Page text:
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'The other clubs in Cork are delighted to see a new club popping up'

The Cork Hellhounds are a new LGBT-inclusive rugby club.

MANY WITHIN RUGBY had great fears about clubs surviving the pandemic but Cork Hellhounds RFC, an LGBT-inclusive rugby club, was actually founded in October of last year.

Earlier this month, the Hellhounds officially became a member of the Munster Branch of the IRFU in a move that club founder and president Adam O’Brien says “opens the gates to everything else.”

Having had initial plans put on ice by the lockdown, the Hellhounds are now training away twice a week – Tuesdays and Sundays – on the Munster Rugby pitches in Mahon. They have about 25 players and numbers are growing each week, with people arriving from as far away as Killarney, Bantry, and Limerick.

O’Brien first picked up a rugby ball three years ago with the Emerald Warriors, an inclusive rugby club based in Dublin’s LGBT community, and was passionate about starting something similar when he moved back to Cork last September.

He made contact with the Gay Project in Cork and was soon on a call with a group of locals who wanted to be part of the new club – as well as dialling up friends from the Warriors and International Gay Rugby for their advice. They trained briefly in December but things are now really kicking on for the Hellhounds, whose name was “designed by committee,” while the club’s eye-catching logo was produced by vice-president Scott De Buitléir.

O’Brien loved his time with the Warriors and hopes the Hellhounds will provide a similarly welcoming atmosphere for new rugby players.

“I wasn’t thrown in the deep end with the Warriors and I wanted to bring that to the Hellhounds down here so it’s very much catered towards brand-new players starting off,” says O’Brien.

“I really like the Warriors’ organisation and professionalism and I loved the sociability most of all. Mates are made for life quite quickly in Warriors and we want to bring that into Cork.

IMG_1685 The Hellhounds train at the Mahon pitches in Cork.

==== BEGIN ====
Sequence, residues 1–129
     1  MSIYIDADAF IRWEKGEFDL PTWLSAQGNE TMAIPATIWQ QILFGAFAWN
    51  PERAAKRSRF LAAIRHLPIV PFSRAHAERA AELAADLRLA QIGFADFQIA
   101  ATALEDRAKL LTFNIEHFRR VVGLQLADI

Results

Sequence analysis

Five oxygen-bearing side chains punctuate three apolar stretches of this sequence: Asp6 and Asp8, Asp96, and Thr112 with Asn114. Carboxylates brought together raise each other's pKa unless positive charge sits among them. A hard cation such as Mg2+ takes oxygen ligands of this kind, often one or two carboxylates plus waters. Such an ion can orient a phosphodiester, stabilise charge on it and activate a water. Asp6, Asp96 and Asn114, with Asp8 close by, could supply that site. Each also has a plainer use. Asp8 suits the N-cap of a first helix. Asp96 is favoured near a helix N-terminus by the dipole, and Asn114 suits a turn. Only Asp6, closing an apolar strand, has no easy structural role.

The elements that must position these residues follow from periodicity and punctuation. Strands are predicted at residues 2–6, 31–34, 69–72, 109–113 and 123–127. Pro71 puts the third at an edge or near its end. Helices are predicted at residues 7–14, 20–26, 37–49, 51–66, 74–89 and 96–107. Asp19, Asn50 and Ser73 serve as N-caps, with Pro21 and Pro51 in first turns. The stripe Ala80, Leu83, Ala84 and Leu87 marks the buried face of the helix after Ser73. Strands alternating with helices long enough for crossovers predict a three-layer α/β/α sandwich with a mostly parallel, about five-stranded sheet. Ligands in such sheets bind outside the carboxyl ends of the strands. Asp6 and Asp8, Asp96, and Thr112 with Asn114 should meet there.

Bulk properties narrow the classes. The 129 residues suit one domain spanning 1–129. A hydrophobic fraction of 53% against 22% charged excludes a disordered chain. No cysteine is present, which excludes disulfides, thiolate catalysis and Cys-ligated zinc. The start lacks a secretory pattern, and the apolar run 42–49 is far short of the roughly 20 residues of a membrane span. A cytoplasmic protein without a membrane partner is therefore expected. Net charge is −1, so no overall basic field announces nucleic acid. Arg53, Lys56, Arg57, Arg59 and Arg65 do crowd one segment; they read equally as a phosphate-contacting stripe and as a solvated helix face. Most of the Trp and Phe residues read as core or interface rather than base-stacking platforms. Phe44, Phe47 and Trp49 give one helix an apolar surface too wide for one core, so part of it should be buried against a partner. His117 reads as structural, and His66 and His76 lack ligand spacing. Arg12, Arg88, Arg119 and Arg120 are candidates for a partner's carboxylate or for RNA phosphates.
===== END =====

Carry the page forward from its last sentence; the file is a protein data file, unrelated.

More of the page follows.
“The Warriors are doing a lot for LGBT rights, flying that flag, and it would be great to evolve into that and take leaves out of their playbook.

“For now, it’s about concentrating on the rugby and building up the numbers, getting that group of friends and get everyone mingling, especially after the lockdown.”

Hellhounds are an all-inclusive club open to anyone regardless of sexuality or gender identity, with O’Brien pointing out that “there’s no barrier that you have to be part of the LGBT community – we’re open to everyone and try to cater for everyone.”

O’Brien says his experiences of Irish rugby are that it is inclusive but he feels the Hellhounds can help to encourage, promote, and grow rugby among the LGBT community.

“There is that argument that creating a club like ours is sort of saying that other clubs aren’t as inclusive or diverse but it’s not necessarily that – it’s more being around far more like-minded individuals, basically.

“Being around people within the community itself opens you up a little bit more. I would know plenty of people in the LGBT community who play with other clubs where they feel there’s no need for calling yourself an LGBT-focused club because other clubs have no barriers to entry. There are no barriers here either.

“I just see this as a social club – it’s like going to the bar with a group of friends rather than going to a bar by yourself where you don’t really know anyone.”

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The Hellhounds hope to be part of the Cork Pride Festival from 24 July, with the club having put forward a proposal to run a tag rugby tournament at the Mahon pitches as they look to continue to build their profile.

IMG_2015 Hellhounds plan to enter competitions in the 2022/23 season.

Long-term the goal is to have grounds of their own – rather than renting, as is the case now – as well as the playing numbers to run two teams for men and two teams for women, mimicking the Emerald Warriors by having a more serious ‘play to perform’ side and also a social team for beginners.

For their first season in 2021/22, Hellhounds will just focus on training as they build up towards full contact rugby and work hard on their skills, with the potential for a few friendly games before they enter the local Cork competitions in 2022/23.

Being accepted as a member of the Munster Branch of the IRFU was a proud step along the pathway for the new club. O’Brien says the welcome so far from the rugby community has been warm.

“Munster Rugby and the other clubs in Cork are delighted to see a new club popping up and delving into a new cache of players, more games, more nights out, more rugby.”

About the author:

Murray Kinsella

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